Valio Fury! Big weekend for Lithuanian sport in King’s Lynn

CWA Lynn Fury's Jonas Pranevicious in action against Brentwood Fire in February.
CWA Lynn Fury's Jonas Pranevicious in action against Brentwood Fire in February.
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The match between England and Lithuania will kick-start a weekend of nail-biting sport for sports fans when the teams take to the field at Wembley tonight.

But their national team’s European Championship qualifier won’t be half as exciting for Lithuanians in West Norfolk as the CWA Lynn Fury’s biggest game in recent history tomorrow night.

For the basketball team will be hoping to drum home why the game is Lithuania’s national sport when it takes on Brunel University Ducks in the National Basketball League’s (NBL) Division Four quarter final playoffs at Lynnsport from 6pm.

Boasting several Lithuanian players, the fearless Fury team and an almighty crowd of around 250 supporters are planning to make its final home stand of the season one to remember.

Fury promoter Kevin Holland, and managing director of team sponsor The Solar Shed, said the club’s fortunes changed for the better when it reached out to Lynn’s Eastern European community a few years ago.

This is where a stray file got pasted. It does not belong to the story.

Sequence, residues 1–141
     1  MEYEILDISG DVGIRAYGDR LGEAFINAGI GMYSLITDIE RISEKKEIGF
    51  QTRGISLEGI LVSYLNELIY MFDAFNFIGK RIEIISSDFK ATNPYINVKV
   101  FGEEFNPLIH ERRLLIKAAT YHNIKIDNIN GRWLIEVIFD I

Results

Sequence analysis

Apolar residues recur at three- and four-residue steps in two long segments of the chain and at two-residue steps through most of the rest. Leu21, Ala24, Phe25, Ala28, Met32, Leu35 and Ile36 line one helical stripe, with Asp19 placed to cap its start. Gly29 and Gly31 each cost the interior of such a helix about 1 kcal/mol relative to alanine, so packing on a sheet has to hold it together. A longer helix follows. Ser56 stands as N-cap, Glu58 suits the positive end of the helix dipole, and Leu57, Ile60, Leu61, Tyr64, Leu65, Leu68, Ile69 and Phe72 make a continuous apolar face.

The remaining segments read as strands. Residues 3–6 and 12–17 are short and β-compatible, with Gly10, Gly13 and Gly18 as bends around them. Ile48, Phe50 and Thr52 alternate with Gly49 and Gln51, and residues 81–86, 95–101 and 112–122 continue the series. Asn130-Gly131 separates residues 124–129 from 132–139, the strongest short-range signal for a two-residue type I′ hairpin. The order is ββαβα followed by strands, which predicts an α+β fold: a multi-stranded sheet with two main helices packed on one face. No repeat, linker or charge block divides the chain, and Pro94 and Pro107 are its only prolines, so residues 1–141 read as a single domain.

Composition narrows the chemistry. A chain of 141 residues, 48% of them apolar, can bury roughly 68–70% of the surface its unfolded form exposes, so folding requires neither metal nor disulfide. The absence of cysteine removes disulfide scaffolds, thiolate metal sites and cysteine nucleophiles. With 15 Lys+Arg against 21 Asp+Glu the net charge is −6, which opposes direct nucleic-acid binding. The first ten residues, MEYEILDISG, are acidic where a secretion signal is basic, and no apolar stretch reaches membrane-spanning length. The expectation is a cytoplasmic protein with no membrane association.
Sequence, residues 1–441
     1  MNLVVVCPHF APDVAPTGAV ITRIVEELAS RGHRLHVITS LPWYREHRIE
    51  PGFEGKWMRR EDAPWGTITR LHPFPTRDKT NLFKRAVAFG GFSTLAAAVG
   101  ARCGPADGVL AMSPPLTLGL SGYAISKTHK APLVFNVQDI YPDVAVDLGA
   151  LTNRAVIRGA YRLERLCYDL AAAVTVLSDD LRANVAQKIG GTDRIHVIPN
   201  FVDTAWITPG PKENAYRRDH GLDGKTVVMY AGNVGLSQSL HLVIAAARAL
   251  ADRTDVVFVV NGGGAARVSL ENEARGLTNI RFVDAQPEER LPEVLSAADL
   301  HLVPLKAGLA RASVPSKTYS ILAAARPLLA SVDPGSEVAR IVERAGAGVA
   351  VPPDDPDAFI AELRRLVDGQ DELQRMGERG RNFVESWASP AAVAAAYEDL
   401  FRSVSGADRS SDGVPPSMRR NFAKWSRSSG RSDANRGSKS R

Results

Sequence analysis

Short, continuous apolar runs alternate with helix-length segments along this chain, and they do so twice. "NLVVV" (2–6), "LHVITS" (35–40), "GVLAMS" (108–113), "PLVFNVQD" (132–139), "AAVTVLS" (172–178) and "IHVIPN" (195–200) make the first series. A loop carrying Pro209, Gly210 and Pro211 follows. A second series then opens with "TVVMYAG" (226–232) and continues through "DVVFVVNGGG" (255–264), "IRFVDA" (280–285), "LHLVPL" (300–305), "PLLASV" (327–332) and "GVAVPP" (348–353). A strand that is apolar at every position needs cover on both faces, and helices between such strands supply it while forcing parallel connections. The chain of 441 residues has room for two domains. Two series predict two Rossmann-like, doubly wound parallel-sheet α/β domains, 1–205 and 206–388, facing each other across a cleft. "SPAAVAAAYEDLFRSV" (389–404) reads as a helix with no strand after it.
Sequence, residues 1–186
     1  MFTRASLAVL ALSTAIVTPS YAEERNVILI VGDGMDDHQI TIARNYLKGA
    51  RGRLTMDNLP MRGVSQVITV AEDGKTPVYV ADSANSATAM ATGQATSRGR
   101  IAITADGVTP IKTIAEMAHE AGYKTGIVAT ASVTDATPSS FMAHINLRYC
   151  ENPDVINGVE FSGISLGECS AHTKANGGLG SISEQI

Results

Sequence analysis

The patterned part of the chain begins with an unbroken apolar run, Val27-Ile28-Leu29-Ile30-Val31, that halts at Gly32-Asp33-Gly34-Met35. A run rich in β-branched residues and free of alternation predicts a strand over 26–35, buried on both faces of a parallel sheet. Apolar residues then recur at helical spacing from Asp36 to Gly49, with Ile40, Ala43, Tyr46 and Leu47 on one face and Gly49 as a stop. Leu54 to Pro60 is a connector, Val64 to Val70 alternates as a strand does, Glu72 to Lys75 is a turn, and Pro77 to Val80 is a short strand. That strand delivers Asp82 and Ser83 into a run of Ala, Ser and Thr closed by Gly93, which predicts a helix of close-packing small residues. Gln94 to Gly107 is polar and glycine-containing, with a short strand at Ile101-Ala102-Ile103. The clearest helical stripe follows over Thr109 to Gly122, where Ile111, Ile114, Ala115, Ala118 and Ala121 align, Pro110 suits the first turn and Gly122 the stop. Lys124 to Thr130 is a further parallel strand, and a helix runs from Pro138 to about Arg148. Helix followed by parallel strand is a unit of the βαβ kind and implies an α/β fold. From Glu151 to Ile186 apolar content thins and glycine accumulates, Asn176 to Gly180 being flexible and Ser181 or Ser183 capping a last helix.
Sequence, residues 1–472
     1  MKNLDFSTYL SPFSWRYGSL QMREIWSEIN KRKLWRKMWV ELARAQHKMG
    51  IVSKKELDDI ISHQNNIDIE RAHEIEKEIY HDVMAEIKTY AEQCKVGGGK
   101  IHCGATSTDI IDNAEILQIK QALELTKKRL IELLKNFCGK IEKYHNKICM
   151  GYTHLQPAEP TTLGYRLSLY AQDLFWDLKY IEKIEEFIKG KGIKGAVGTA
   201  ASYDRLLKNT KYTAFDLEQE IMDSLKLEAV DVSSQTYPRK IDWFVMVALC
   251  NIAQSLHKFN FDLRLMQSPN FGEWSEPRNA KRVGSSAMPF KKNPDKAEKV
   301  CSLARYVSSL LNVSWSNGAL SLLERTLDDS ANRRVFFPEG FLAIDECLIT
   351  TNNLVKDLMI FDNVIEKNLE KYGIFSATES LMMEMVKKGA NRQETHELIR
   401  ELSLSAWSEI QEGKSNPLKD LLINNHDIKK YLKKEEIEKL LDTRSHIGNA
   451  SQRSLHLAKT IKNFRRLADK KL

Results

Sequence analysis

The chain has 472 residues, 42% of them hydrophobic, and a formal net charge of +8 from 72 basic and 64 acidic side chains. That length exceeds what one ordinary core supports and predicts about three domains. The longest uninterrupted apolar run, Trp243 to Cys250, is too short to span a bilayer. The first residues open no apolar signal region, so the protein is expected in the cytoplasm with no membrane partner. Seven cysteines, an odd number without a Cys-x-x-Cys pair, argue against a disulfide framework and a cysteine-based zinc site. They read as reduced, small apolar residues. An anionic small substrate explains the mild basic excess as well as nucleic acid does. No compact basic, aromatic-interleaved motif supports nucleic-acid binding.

“Fury was languishing at the bottom of Division Four. The players were good kids, but we weren’t going anywhere,” he said. “Then we realised there was a huge Eastern European population in this area with Lithuanians who didn’t want to play football, but their national sport of basketball.”

Fury now has many Lithuanians on the team, alongside Polish, Portugese and English players and one Russian.

Mr Holland said: “It’s not only good for the Eastern Europeans, but it’s good for local people too as it shows they’re not just foreigners coming in, they want to be part of the community.”

At the start of every Fury game, the team flies the national flags of its players to highlight the ‘nations of Norfolk’ and the Lithuanian basketball anthem is played.

Fury cheerleaders also get the crowd going, with chants, singing and the sound of drums reverberating around the stadium.

Mr Holland said: “No-one has got a crowd like Fury. There’s not another crowd like it. When the drums start, they rise to the occasion.

“Lynn has got a really diverse and vibrant community, and at Fury it’s about celebrating that inclusion.”

Doors open at Lynnsport tomorrow evening at 5.45pm, ready for tip-off at 6pm. Tickets cost £5 for adults and £3 for under 16s.

There will be updates on the game as they happen on Twitter: @KingsLynnLive